• NaNoWriMo – Yep, I’m doing it this year. Amidst organizing my first essay collection and wrapping up my first novel, I decided to indulge and start an entirely new novel on November 1st (err…it was more like November 3rd, honestly). The goal is to write 50,000 words in the month of November. Currently, I’m at approximately 20,000 words. It’s become pretty evident I won’t meet the goal, but I’ve quite fallen in love with what I’m writing and hopefully it will be complete sometime in December (maybe NaNoWriMo should make “runner up” t-shirts for novels completed by Christmas?)

That’s just the highlights of pieces from the past few weeks. I’m sure you wouldn’t be as interested in the “X Pictures Of Puppies In Leaves!” filler I get paid to create. Or would you? 

On another note, I hope your ~*holiday season*~ is off to a fabulous and relaxing start. I’m heading home this Wednesday myself (keep me in your travel prayers plz) for a few days of maximum chilling. In knitting news, I hope to have a new free pattern posted within the next week, and I am currently designing a surprise holiday D.I.Y. that I’m mucho excited for. 

I love you all! 




Call for Artists, Photographers, Writers, Crafters…!


Hey there!

My boyfriend and I are currently putting together a magazine featuring the creative work of our friends and family and we want you to be a part of it! We need writers, illustrators, artists, photographers, chefs, crafters, comic artists…basically anyone whose work can be displayed on the pages of a magazine.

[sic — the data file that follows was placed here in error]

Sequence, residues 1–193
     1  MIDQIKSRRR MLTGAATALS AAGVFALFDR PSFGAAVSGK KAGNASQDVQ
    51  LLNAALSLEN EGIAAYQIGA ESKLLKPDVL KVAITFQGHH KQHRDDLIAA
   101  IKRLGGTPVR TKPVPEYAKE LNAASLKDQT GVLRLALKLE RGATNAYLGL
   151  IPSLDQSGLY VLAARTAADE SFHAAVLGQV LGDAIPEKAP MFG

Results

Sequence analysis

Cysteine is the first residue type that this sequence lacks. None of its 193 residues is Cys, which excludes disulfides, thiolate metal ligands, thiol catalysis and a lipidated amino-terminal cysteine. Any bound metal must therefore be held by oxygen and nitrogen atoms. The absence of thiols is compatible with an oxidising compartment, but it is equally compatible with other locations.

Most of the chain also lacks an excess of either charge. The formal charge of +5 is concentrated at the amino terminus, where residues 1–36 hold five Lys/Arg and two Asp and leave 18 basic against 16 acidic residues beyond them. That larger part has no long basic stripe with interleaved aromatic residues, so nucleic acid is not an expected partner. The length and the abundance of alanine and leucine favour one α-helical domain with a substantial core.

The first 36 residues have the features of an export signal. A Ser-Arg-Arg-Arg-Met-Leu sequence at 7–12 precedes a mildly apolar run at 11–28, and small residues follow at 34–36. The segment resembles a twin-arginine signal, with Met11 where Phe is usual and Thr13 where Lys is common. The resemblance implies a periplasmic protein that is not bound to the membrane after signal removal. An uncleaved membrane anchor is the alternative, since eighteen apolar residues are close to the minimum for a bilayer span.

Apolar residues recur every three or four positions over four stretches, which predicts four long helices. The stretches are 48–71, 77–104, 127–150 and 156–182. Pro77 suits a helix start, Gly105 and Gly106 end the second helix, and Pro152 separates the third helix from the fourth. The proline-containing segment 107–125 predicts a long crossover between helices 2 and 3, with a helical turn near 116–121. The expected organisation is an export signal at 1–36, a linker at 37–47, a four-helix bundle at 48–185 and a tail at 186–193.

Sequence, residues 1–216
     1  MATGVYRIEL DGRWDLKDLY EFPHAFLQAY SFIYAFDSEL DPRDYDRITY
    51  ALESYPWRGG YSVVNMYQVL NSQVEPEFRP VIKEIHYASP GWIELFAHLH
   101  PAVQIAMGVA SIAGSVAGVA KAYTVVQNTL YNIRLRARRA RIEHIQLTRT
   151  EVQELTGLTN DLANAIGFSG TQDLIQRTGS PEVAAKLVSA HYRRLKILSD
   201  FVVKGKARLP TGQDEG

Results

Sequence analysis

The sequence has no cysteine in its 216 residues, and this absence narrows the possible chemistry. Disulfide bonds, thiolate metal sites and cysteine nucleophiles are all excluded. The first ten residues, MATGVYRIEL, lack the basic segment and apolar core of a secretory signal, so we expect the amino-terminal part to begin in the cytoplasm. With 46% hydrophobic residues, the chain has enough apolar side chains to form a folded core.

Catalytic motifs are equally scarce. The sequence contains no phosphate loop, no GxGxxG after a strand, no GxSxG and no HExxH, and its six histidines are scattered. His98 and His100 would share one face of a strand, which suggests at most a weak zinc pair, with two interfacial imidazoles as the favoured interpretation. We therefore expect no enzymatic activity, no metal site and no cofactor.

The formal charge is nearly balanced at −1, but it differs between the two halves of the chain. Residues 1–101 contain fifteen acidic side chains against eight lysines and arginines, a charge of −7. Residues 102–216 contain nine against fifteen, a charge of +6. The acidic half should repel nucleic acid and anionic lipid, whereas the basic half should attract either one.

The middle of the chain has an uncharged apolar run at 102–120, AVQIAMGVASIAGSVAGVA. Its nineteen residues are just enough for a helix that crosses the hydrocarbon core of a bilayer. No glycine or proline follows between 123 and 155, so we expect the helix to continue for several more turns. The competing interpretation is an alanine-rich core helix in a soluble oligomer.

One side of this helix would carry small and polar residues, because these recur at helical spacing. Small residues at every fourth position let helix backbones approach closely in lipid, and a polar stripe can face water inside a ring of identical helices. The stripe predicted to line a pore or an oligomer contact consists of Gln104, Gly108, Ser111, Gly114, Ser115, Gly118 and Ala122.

There are no restrictions on what we are looking for, besides it being awesome and important to you. If you are looking for an opportunity to have your work published, send it over! If we choos to include your work, we will contact you ASAP. Everyone featured in the magazine will receive a free copy and be featured on an upcoming website.

Use THIS FORM to submit. All submissions are due by September 15th, 2015. 

Submission Guidelines:

Visual Art + Photography: Photos should be in .jpg or .png format. At least 1500 x 1500 pixels.

Prose + Poetry: .pdf or .doc format. Up to 7,500 words total (can be multiple pieces).

E-mail me with any questions:

Life Updates: Brioche, Blume and A Mystery Novel

Hey all! Life is good! It’s summer, I’m happy, and I am currently eating a garlic knot! There’s so much going on in my world that I thought I’d share:

This morning, I just finished reading Judy Blume’s latest novel In the Unlikely Event. It’s one of her few novels “for adults,” centering around three plane crashes in Elizabeth, New Jersey in the early 1950’s. The novel has garnered mixed reviews–but I am on the side of praise. The novel follows a large, complex cast of characters and is incredible in its capacity to evoke time and place both mentally and physically. Just as a side note: this isn’t good airport reading.